How Much Debt Is Too Much?

by Stacy Francis, CFP®, CDFA

I was in back-to-back meetings all day today. This is not unusual – neither is the fact that four consecutive meetings started out with a prospective client informing me that she had come to me because she is in debt and would like to regain the control over her finances.

Debt is truly a widespread problem these days. So with each of them, I started out by breaking down their finances – income, costs, spending, and debt. In every case, their debt-to-income ratio came out higher than the limits most lending institutions use when determining how large a mortgage an individual can carry. According to them, if your debt payments (including mortgage payments) eat up more than 36% of your gross income, you should consider changing your lifestyle. If you do not own a home, of course your debt payments should be much smaller than that. Still, many people are far deeper in debt.

The good news is, by taking an honest look at your finances, drafting a budget, and making changes – some smaller, some bigger – you can turn this around and face a brighter financial future. I see it happen all the time. All you need is determination and a network of people who support you.

 

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Stacy Francis, CFP®, CDFA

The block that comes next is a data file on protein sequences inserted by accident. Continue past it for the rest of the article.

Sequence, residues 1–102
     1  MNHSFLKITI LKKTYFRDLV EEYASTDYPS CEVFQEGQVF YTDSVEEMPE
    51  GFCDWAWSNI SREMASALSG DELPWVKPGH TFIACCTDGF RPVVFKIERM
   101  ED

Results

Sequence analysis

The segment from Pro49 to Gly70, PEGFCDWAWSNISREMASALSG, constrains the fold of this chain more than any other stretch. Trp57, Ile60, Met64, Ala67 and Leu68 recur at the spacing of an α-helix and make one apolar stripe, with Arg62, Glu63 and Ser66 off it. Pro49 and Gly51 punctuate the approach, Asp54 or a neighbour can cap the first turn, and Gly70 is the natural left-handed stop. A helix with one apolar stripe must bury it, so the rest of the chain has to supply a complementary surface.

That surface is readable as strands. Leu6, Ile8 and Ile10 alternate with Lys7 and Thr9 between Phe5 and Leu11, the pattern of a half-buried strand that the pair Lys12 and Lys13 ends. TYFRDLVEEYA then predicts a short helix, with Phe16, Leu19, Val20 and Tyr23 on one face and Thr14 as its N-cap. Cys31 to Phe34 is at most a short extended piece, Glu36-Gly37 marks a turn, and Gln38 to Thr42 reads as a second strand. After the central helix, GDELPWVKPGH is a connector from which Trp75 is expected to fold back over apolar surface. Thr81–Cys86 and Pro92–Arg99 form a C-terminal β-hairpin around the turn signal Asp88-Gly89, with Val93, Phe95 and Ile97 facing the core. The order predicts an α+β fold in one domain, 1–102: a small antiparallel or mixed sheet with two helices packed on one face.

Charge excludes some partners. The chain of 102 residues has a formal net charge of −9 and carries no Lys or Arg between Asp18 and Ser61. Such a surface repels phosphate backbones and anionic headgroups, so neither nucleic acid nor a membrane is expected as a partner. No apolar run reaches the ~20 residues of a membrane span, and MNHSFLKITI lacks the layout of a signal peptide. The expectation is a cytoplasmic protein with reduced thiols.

Stacy Francis is the Founder, CEO and President of Francis Financial, Inc., a Wealth Management and Financial Planning firm. With over 18 years of experience in the financial industry, she is a CERTIFIED FINANCIAL PLANNER™ (CFP®), a Certified Divorce Financial Analyst™ (CDFA™), and a Certified Estate Planning Specialist (CES™). She is the Co-Director of the Association of Divorce Financial Planners’ (ADFP) Greater New York Metro Chapter and a member of the Women Presidents’ Organization (WPO) and an honoree member of the Private Risk Management Association (PRMA). A nationally recognized financial expert, Stacy has appeared on ABC News, CNBC, CNN, PBS Nightly Business Report, The Today Show, Good Morning America, Fine Living Network, and The O’Reilly Factor. Stacy attended the New York University Center for Finance, Law and Taxation.